The Earth’s crust which lies beneath the Mississippi Delta in North America sinks at a much slower rate than had previously been thought, according to new research published in the journal Earth and Planetary Science Letters.
The findings were arrived at by comparing detailed sea-level reconstructions from different portions of coastal Louisiana.
“The findings demonstrate the value of research on different facets of Earth system dynamics over long time periods,” says Thomas Baerwald, geography and spatial sciences program director at the National Science Foundation (NSF). “The results provide valuable new insights about the factors that affect shorelines and other locations in the Gulf Coast area now and into the future.”
“Our study shows that the basement underneath key portions of the Mississippi Delta, including the New Orleans area, has subsided less than one inch per century faster over the past 7,000 years than the more stable area of southwest Louisiana,” says paper co-author Torbjörn Törnqvist of Tulane University. The difference is much lower than previously believed. “Other studies have assumed that a large portion of the Earth’s crust underneath the Mississippi Delta subsided at least 30 times faster due to the weight of rapidly accumulating sediments in the delta.”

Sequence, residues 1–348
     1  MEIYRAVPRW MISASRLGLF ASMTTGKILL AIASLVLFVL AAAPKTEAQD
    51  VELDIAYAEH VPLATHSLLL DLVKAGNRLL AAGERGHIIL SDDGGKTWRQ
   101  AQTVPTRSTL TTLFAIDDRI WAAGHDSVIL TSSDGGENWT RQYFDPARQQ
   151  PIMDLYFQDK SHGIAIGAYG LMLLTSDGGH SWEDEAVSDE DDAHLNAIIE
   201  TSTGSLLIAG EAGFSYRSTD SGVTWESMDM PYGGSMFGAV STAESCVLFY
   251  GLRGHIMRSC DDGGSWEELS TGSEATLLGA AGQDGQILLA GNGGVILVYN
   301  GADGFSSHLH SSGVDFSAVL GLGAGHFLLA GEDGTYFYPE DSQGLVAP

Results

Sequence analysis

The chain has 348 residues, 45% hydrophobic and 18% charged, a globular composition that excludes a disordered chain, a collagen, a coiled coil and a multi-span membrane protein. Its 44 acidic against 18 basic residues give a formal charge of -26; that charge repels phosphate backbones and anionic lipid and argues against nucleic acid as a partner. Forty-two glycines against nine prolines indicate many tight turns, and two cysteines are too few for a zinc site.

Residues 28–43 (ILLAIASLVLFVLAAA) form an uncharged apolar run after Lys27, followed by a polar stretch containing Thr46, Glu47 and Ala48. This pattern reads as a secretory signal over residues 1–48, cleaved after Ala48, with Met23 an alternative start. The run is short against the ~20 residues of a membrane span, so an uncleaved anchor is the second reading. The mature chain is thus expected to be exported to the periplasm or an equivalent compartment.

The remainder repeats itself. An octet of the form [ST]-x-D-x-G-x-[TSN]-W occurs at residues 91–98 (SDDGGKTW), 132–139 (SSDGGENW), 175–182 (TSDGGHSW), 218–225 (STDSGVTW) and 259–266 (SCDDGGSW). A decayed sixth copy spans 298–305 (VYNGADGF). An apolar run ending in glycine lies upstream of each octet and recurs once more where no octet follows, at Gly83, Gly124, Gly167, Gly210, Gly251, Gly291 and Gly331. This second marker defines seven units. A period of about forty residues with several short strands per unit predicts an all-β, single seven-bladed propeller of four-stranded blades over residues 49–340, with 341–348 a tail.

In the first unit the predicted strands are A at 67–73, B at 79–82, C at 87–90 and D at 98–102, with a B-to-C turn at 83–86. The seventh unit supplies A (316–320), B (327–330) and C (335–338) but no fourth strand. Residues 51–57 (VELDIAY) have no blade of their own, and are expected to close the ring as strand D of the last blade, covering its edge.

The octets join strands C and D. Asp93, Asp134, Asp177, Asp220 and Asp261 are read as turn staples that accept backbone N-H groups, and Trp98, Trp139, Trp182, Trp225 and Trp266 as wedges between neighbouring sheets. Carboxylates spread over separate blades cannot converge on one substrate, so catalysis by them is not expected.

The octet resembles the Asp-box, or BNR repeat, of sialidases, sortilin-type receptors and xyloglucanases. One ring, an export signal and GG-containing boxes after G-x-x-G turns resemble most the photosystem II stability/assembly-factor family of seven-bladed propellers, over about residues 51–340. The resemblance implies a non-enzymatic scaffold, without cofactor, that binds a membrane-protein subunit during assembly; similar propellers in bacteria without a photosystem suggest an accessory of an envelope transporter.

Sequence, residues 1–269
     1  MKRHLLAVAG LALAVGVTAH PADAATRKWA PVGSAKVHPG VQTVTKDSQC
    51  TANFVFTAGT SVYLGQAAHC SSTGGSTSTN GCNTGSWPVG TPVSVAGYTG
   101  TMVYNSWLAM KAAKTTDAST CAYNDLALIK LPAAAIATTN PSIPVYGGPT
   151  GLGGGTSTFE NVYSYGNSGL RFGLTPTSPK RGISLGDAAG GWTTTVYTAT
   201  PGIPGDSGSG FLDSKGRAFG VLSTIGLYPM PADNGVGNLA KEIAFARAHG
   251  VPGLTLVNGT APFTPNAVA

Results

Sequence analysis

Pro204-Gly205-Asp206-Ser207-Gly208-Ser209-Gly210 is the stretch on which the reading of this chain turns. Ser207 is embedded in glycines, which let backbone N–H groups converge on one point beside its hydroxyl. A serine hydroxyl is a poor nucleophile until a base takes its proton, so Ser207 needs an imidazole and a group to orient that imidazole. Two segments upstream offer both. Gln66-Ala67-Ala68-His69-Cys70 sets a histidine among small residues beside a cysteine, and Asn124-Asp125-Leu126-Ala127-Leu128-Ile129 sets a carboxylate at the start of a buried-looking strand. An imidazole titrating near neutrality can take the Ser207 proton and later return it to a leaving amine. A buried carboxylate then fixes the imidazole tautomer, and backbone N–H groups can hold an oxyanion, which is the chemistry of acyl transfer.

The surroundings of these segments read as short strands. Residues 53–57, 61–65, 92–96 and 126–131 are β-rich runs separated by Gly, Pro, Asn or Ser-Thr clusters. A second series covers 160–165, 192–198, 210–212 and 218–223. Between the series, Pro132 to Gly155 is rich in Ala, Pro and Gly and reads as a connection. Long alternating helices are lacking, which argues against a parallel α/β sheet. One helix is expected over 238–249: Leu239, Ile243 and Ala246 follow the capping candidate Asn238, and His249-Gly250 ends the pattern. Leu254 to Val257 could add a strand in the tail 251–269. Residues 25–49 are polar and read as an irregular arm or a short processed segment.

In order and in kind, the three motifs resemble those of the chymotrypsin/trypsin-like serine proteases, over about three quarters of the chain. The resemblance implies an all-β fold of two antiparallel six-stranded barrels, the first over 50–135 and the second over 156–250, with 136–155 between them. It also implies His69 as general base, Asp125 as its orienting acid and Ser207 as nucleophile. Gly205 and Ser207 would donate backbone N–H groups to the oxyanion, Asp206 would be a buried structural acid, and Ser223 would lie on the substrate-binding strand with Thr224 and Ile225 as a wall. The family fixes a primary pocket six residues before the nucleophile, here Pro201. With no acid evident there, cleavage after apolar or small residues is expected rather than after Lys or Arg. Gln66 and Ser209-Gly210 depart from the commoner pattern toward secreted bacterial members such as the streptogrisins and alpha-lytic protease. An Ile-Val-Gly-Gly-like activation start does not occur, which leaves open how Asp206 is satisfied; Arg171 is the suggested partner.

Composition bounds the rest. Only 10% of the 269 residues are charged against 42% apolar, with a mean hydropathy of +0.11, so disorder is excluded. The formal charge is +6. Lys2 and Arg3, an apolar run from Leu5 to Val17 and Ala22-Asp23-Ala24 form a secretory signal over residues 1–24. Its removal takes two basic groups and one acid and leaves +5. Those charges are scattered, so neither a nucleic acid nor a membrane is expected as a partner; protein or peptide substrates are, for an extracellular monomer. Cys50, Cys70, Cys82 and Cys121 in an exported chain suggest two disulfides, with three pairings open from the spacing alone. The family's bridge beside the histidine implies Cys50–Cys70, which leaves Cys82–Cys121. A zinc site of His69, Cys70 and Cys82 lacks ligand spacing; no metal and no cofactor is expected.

Where is the importance though?
Finding importance in a scientific study like this is not always necessary, as scientific research for the sole benefit of increasing our understanding is often worth the time and effort. However, in this case, there is in fact significant benefit from the findings.
In fact, the findings of the paper reveal good news for residents of the New Orleans area, where large structures such as coastal defense systems can be built in the knowledge that they would be relatively stable, as long as they were anchored in the basement at a depth of 60 to 80 feet below the surface of the land.
Naturally though, the study also presents some not so happy news.
“These subsidence rates are small compared to the rate of present-day sea-level rise from the Florida panhandle to east Texas,” says Törnqvist. “The rate of sea-level rise in the 20th century in this region has been five times higher compared to the pre-industrial millennium as a result of human-induced climate change.”
Sea level has risen more than eight inches during the past century.
“Looking forward 100 years, our main concern is the continued acceleration of sea-level rise due to global warming, which may amount to as much as three to five feet,” says Törnqvist. “We can now show that sea-level rise has already been a larger factor in the loss of coastal wetlands than was previously believed.”
Source: National Science Foundation
Image Source: NOAA
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